Date Published

July 7, 2017

Updated For

ALS PCS Version ALS PCS Version 5.2


Question: This question may be a very rare situation but I have not been able to get an answer from any paramedics I have asked. As per the "Patching" section in the introduction of the ALS PCS the literature states "BHP cannot be reached despite reasonable attempts by the paramedic to establish contact, a paramedic may initiate the required treatment without the requisite online authorization if the patient is in severe distress and, in the paramedics opinion, the medical directive would otherwise apply". In a situation where a cardioversion is required and the unstable patient is still conscious, it is fairly common practice to ask for sedation and pain control (i.e. Morphine/Midazolam) along with orders for cardioversion. If multiple BH patches cannot be completed and in the paramedics opinion cardioversion is required for the unstable but conscious patient, are we able to administer sedation and pain control? I ask this because there is not a directive that directly deals with pain and sedation prior to delivering the cardioversion, but is common to ask for such direction.


Thanks for this question. There is no definite criteria that would constitute a patch failure. This is an instance in which paramedic judgment must come into play. If two or three unsuccessful patch attempts have been made, and in your judgment the patient is at risk for serious harm with further delay in care, then you would be right in carrying out a treatment (cardioversion for unstable tachycardia in this case).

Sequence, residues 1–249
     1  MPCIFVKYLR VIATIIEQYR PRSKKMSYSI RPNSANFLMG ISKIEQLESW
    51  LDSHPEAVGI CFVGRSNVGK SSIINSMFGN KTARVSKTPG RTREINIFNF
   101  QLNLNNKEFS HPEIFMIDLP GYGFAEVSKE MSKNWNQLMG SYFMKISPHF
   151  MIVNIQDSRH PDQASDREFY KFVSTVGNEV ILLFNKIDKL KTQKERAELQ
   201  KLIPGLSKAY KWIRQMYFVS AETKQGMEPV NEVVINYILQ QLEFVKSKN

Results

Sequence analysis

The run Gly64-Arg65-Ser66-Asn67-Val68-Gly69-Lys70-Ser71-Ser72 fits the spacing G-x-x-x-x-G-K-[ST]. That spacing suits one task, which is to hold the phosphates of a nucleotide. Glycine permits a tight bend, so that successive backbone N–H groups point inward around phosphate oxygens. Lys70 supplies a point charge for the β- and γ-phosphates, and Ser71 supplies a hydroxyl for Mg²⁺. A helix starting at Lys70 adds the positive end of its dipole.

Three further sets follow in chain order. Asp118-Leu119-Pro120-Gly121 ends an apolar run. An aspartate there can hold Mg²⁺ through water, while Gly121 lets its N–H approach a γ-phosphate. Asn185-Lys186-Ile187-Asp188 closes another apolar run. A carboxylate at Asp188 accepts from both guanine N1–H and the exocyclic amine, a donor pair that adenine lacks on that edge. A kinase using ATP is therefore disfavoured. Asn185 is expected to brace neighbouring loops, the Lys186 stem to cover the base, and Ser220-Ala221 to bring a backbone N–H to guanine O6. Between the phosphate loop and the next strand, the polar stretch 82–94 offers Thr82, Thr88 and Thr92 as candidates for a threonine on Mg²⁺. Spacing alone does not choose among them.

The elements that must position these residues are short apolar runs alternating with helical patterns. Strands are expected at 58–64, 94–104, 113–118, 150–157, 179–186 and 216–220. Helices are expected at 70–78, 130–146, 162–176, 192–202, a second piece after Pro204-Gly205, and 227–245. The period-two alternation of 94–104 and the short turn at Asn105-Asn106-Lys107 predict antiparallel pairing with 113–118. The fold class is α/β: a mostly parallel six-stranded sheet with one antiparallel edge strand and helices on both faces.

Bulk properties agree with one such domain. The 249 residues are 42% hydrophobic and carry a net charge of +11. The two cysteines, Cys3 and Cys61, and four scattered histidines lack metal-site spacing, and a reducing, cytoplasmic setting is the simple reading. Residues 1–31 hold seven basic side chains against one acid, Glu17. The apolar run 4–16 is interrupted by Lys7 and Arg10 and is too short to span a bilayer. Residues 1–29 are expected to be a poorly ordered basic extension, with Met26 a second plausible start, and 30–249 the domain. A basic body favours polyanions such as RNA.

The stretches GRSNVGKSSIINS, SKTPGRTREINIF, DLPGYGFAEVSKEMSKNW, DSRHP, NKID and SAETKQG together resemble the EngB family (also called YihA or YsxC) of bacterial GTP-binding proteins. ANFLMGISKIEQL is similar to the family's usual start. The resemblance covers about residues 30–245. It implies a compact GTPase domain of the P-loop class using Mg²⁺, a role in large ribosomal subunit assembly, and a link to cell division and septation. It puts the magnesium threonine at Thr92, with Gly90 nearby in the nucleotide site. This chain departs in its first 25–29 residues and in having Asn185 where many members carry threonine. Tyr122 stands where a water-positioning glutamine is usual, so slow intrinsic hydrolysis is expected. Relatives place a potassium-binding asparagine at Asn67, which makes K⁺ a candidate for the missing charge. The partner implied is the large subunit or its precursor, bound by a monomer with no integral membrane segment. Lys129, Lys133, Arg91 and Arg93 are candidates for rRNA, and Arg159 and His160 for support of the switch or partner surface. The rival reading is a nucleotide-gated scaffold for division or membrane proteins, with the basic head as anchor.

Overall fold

This scenario in particular, however, can be problematic. Additional agents that may be used for analgesia and sedation can result in hypotension and respiratory depression as common side effects. The purpose behind using your judgment in order to carry out a treatment prior to completion of a BHP patch is to prevent serious deterioration or harm to a patient as a result of a time-sensitive medical issue. Administering analgesia and sedation doesnt necessarily fall into the same category as time-sensitive. The administration of those medications may help with comfort but in an already unstable patient might actually cause further harm.

In the unlikely event that you have a patch failure with a patient who needs cardioversion who is unstable, paramedic judgement is required. If the patient requires medication for sedation due to maintained level of consciousness, this most likely reflects adequate perfusion to allow time for either successful patch connection with the BHP or transport if transport times are relatively short. If the paramedic judges that the patient does not require analgesia or sedation due to altered LOC, this most likely represents poor perfusion and cardioversion would be appropriate and a patch to a BHP as soon as possible.

The Regional Base Hospital would not routinely support sedation and or analgesia without a patch prior to cardioversion. However every call is different and these scenarios can be dynamic. If the patch attempt fails and the paramedic judges the patient is too unstable to wait for transport or a successful patch AND requires some analgesia /sedation prior to cardioversion AND will tolerate the adverse effects of sedation / analgesia the paramedic may proceed with sedation / analgesia and subsequent cardioversion. The situation should be well documented on the ACR and BHP contact should be made as soon as possible. Again the call you describe would be a very unlikely situation.



Base Hospital Patch (BHP)

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